Romeo appears to be very impulsive in love. This love-at-first sight approach, given his age, isn't odd, however. His switching his affections from Rosaline to Juliet, is certainly very speedy and impulsive, though.
He's impulsive in his decision to jump the Capulets' wall to avoid his friends, which puts him in his enemy's garden just under Juliet's balcony. This impulsive act leads to their declarations of love and pledge to marry, an impulsive thing to do on the eve of meeting someone.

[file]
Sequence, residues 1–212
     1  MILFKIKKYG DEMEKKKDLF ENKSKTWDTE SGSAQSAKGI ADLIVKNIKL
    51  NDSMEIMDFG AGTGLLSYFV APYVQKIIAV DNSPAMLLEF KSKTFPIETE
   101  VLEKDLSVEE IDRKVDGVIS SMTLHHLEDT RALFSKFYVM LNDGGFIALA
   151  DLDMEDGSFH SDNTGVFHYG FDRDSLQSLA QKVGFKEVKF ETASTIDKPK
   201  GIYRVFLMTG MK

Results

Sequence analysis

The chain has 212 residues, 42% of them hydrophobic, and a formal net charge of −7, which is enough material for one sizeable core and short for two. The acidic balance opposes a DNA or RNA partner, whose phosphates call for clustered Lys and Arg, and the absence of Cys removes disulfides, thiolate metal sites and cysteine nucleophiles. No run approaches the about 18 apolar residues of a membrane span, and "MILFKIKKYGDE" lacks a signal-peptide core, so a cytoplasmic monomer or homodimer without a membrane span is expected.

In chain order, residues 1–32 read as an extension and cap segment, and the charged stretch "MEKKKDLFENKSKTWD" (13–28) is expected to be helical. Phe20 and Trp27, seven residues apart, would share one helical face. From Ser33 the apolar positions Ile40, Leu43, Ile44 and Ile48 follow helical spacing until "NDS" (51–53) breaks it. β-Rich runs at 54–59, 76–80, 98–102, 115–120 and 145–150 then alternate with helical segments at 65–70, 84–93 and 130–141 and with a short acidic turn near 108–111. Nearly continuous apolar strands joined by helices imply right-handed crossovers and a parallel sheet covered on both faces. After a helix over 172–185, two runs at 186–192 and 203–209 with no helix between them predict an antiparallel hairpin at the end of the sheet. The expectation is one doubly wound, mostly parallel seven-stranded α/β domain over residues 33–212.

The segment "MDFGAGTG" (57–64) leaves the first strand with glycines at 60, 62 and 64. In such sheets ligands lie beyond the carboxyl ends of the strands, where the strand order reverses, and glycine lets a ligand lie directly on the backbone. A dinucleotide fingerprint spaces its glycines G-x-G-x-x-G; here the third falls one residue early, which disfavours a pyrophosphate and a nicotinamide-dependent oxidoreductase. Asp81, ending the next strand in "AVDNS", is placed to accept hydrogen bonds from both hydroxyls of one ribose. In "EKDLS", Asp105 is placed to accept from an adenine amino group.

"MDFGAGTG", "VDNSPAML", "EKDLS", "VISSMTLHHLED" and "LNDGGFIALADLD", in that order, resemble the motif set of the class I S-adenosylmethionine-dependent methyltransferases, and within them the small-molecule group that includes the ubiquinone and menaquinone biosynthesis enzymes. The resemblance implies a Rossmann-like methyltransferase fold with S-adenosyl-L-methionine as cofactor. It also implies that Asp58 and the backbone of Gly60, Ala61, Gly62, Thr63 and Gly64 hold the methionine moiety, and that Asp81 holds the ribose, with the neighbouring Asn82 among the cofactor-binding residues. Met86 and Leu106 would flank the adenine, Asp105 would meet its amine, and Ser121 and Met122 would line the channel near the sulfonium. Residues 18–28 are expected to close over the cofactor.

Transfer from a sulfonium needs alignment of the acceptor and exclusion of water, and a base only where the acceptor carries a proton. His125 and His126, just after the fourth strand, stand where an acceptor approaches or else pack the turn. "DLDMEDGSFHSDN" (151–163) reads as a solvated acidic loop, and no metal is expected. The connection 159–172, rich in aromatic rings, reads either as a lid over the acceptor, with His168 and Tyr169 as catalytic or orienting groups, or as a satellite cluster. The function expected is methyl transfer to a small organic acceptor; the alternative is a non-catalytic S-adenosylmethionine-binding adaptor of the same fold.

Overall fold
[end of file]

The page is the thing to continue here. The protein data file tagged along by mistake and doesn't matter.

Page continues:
He's also impulsive in his engagement of Tybalt after Mercutio is killed. He enters the scene determined to be a peace-maker, but lets his anger and grief get the best of him, and he murders Tybalt. Once he realizes what he has done, he chides his own impulsiveness with the words, "I am fortune's fool."
He impulsively reacts to the "news" that Juliet is dead by flying to her side to kill himself. He reacts before he can get word from the Friar that Juliet only pretends to be dead.
And, finally, he impulsively kills Paris when he meets him in the Capulet tomb. He simply kills him because he is in his way.
Overall, impulsiveness is a characteristic that defines Romeo's behavior throughout the events of the play.